The ancient discovery of fermentation was almost certainly a happy accident – perhaps one of the happiest of all. No one knows who exactly invented the first beer. Humans first began domesticating wild grains around 10,000 years ago in Mesopotamia [source: Food Timeline]. The first breads were unleavened, meaning they were flat and tough. When grain gets wet, it becomes food for naturally occurring yeasts in the air, which produce alcohol as a byproduct.
At some point, ancient bakers must have noticed that this fermented grain rose into fluffier loaves of bread. A few adventurous/crazy folks also decided to take a sip of the stinky foam in the grain bin. And beer was born!
Some anthropologists and archaeologists even theorize that beer — not bread — was the original reason that humans took up agriculture [source: Kahn]. The social lubrication of low-proof alcohol may have softened the rigid social structures of ancient tribes and encouraged collaboration and innovation. Bread, some argue, was just a convenient byproduct of the quest to make tastier beer.
Author's Note: 10 of History's Happiest Accidents
Some of the tastiest food and beverage discoveries absolutely had to be accidents. Wine and beer are great examples. Who was the first guy — and it had to be a guy — to see a rotten pile of fruit soaking in days-old water and think, "I'm going to drink that!" Who was the first person to discover that if you let olives — inedible when freshly picked — cure in a salt brine for a few months, they're delicious? Probably the guy who found some old olives a seawater-soaked bag and though, "Why not?" Eating raw oysters had to start as a dare. And have you ever seen coffee or cocoa beans in the wild? How in the world did anyone imagine that those super bitter little beans could be converted into two of the world's most coveted confections? I know there must have been some happy — and plenty of unhappy — accidents along the way.
- American Physical Society. "This Month in Physics History: Nov. 8, 1895: Roentgen's Discovery of X-Rays." November 2001. (May 16, 2014) http://www.aps.org/publications/apsnews/200111/history.cfm
- BBC News. "Anniversary of Mick Jagger and Keith Richards Dartford Meeting." Oct. 17, 2011. (May 16, 2014) http://www.bbc.com/news/uk-england-kent-15333771
- BBC News. "Mick Jagger and Keith Richards Plaque for Dartford Station." Dec. 14, 2013. (May 20, 2014) http://www.bbc.com/news/uk-england-kent-25384381
- British Library. "Roentgen's Discovery of the X-ray." (May 16, 2014) http://www.bl.uk/learning/artimages/bodies/xray/roentgen.html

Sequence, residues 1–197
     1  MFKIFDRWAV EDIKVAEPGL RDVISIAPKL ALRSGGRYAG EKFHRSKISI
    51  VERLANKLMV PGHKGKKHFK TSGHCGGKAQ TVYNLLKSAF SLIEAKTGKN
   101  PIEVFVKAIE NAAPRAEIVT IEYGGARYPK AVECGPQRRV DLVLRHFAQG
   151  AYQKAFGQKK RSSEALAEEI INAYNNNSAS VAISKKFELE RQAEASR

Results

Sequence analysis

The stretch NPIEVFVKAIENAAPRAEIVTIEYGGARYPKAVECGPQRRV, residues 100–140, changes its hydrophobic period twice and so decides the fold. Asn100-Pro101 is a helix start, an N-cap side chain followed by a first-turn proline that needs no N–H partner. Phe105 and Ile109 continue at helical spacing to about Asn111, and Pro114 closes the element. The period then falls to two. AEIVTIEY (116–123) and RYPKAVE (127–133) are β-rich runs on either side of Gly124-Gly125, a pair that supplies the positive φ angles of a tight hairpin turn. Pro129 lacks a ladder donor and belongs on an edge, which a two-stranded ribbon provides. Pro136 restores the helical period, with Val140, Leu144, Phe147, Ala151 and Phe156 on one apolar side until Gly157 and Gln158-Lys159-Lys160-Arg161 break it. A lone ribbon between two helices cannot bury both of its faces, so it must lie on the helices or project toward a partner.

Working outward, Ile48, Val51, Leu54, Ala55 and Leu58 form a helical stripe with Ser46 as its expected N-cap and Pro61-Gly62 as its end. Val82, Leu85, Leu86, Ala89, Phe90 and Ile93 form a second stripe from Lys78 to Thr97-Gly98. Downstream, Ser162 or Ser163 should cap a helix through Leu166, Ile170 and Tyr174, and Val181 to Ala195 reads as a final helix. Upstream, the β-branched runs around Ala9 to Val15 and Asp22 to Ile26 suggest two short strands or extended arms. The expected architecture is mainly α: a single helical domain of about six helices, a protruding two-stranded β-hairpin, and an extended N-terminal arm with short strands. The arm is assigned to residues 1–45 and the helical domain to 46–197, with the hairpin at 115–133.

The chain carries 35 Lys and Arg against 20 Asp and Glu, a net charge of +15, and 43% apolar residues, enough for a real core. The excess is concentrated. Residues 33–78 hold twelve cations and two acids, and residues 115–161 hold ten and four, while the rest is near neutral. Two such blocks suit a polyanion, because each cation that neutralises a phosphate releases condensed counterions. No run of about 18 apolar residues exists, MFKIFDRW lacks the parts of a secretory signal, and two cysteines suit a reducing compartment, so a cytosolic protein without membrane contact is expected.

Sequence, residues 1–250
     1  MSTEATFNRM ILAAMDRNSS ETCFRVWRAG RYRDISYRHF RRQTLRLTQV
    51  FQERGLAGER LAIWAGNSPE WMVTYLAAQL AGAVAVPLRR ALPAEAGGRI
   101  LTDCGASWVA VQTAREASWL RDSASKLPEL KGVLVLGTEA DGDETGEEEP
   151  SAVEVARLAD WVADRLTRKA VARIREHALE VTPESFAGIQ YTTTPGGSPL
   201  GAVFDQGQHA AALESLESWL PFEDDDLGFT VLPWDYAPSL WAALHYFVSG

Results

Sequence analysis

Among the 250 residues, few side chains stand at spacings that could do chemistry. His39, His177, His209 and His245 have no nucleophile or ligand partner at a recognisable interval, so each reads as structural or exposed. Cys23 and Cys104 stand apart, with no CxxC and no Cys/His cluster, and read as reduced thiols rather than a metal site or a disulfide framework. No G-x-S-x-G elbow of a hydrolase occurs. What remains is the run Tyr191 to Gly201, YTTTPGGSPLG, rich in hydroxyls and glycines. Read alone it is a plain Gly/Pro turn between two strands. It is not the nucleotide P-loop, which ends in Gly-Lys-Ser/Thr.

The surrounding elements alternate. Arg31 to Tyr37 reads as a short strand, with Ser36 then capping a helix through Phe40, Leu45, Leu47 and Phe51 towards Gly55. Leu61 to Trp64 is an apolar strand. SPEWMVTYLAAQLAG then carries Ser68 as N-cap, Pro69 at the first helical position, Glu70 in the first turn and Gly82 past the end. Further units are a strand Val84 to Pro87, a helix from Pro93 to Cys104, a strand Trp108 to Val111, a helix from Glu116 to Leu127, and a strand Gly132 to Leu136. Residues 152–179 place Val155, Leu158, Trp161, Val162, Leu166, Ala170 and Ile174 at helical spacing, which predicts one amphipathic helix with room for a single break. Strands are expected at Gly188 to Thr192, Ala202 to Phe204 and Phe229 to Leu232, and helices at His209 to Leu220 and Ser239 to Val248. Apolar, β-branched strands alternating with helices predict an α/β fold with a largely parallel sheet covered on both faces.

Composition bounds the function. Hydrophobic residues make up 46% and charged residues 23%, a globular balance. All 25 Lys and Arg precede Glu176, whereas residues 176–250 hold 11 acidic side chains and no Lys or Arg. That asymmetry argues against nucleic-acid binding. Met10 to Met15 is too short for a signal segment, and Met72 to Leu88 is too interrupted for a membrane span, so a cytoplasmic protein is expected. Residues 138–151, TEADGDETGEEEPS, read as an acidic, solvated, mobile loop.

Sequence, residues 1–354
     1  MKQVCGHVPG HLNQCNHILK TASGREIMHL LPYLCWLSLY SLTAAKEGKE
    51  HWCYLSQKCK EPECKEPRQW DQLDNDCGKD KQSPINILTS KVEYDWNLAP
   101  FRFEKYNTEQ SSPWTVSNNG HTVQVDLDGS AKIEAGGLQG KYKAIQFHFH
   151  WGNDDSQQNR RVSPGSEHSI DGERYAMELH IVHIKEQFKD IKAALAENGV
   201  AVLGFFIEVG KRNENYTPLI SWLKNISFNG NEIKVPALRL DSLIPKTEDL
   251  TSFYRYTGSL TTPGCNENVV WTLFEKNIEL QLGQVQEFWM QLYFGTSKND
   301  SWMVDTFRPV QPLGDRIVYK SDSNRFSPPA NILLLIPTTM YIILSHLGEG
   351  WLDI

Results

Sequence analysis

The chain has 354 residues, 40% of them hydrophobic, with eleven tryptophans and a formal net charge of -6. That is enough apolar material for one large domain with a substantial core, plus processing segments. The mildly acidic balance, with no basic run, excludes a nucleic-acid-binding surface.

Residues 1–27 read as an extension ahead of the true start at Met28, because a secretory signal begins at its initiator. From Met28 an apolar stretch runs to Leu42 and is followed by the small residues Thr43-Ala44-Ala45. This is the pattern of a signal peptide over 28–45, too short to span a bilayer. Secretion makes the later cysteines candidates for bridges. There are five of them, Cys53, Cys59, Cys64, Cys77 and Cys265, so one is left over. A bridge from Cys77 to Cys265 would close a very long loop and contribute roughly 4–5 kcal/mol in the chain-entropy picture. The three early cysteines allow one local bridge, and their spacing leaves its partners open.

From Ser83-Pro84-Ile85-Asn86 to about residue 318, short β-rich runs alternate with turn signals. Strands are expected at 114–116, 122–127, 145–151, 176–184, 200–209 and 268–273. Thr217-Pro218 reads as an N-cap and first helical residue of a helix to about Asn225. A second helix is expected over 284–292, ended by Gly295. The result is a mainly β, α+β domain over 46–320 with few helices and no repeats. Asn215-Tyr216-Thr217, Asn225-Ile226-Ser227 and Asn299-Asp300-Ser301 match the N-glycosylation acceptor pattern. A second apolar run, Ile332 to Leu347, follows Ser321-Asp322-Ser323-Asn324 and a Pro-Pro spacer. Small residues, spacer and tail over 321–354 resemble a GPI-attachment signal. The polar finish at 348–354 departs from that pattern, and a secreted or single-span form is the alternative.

- Cyran, Pamela; and Gaylord, Chris. "The 20 most fascinating accidental inventions." The Christian Science Monitor. (May 16, 2014) http://www.csmonitor.com/Innovation/2012/1005/The-20-most-fascinating-accidental-inventions/Potato-chips
- Food Timeline. "FAQs: Bread." (May 16, 2014) http://www.foodtimeline.org/foodbreads.html
- Jay, Emma. "Viagra and other drugs discovered by accident." BBC News. Jan. 20, 2010. (May 16, 2014) http://news.bbc.co.uk/2/hi/health/8466118.stm
- Kahn, Jeffrey P. "How Beer Gave Us Civilization." March 15, 2013 (May 16, 2014) http://www.nytimes.com/2013/03/17/opinion/sunday/how-beer-gave-us-civilization.html
- Krok Leslie. "Accidental Discoveries." NOVA. Feb. 27, 2001. (May 16, 2014) http://www.pbs.org/wgbh/nova/body/accidental-discoveries.html
- The Leon Levy Dead Sea Scrolls Digital Library. "Discovery and Publication." (May 16, 2014) http://www.deadseascrolls.org.il/learn-about-the-scrolls/discovery-and-publication
- The Leon Levy Dead Sea Scrolls Digital Library. "Introduction" (May 16, 2014) http://www.deadseascrolls.org.il/learn-about-the-scrolls/introduction
- The Mariner's Museum. "Pedro Alvares Cabral" (May 16, 2014) http://ageofex.marinersmuseum.org/index.php?type=explorer&id=60
- Nobelprize.org. "Sir Alexander Fleming – Biographical." (May 16, 2014) http://www.nobelprize.org/nobel_prizes/medicine/laureates/1945/fleming-bio.html
- ÖZGENEL, Lale. "A TALE OF TWO CITIES: IN SEARCH FOR ANCIENT POMPEII AND HERCULANEUM" 2008, (May 21, 204) http://jfa.arch.metu.edu.tr/archive/0258-5316/2008/cilt25/sayi_1/1-25.pdf
- Popsicle. "The Popsicle Story." (May 16, 2014) http://www.popsicle.com/article/detail/107646/the-popsicle-story-popsicle-ice-pops
- Portland Works. "Portland Works and the Invention of Stainless Steel." (May 16, 2014) http://www.portlandworks.co.uk/history/the-tale-of-portland-works-and-the-invention-of-stainless-steel
- Royal Museums Greenwich. "Christopher Columbus." (May 16, 2014) http://www.rmg.co.uk/explore/sea-and-ships/facts/explorers-and-leaders/christopher-columbus
- Suddath, Claire. "A Brief History of: Velcro." Time. June 15, 2010. (May 16, 2014) http://content.time.com/time/nation/article/0,8599,1996883,00.html
- Thomas, Katie. "Facing Black Market, Pfizer is Looking Online to Sell Viagra." The New York Times. May 6, 2013. (May 16, 2014) http://www.nytimes.com/2013/05/07/business/pfizer-begins-selling-viagra-online.html
- White, L. Michael. "The Essenes and the Dead Sea Scrolls." Frontline. (May 16, 2014) http://www.pbs.org/wgbh/pages/frontline/shows/religion/portrait/essenes.html
The Mason-Dixon Line has ties to slavery, which often overshadows its otherwise fascinating story as one of the most significant surveying achievements in North America.